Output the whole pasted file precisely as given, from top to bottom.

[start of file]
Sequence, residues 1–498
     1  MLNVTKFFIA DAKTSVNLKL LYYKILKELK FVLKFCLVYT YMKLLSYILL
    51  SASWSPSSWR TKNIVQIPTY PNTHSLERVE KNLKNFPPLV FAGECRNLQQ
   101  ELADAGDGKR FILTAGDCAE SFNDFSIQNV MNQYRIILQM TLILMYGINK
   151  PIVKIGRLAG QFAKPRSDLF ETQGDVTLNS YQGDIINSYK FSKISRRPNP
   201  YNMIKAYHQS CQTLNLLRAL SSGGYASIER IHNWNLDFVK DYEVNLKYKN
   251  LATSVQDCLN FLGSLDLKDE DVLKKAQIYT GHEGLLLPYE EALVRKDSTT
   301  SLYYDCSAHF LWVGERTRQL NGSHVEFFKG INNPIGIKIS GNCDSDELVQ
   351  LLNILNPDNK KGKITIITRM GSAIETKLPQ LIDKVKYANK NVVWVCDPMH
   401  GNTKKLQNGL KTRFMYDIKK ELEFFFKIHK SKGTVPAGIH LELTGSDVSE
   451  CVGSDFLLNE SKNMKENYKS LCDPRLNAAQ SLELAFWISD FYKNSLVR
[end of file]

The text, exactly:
Sequence, residues 1–498
     1  MLNVTKFFIA DAKTSVNLKL LYYKILKELK FVLKFCLVYT YMKLLSYILL
    51  SASWSPSSWR TKNIVQIPTY PNTHSLERVE KNLKNFPPLV FAGECRNLQQ
   101  ELADAGDGKR FILTAGDCAE SFNDFSIQNV MNQYRIILQM TLILMYGINK
   151  PIVKIGRLAG QFAKPRSDLF ETQGDVTLNS YQGDIINSYK FSKISRRPNP
   201  YNMIKAYHQS CQTLNLLRAL SSGGYASIER IHNWNLDFVK DYEVNLKYKN
   251  LATSVQDCLN FLGSLDLKDE DVLKKAQIYT GHEGLLLPYE EALVRKDSTT
   301  SLYYDCSAHF LWVGERTRQL NGSHVEFFKG INNPIGIKIS GNCDSDELVQ
   351  LLNILNPDNK KGKITIITRM GSAIETKLPQ LIDKVKYANK NVVWVCDPMH
   401  GNTKKLQNGL KTRFMYDIKK ELEFFFKIHK SKGTVPAGIH LELTGSDVSE
   451  CVGSDFLLNE SKNMKENYKS LCDPRLNAAQ SLELAFWISD FYKNSLVR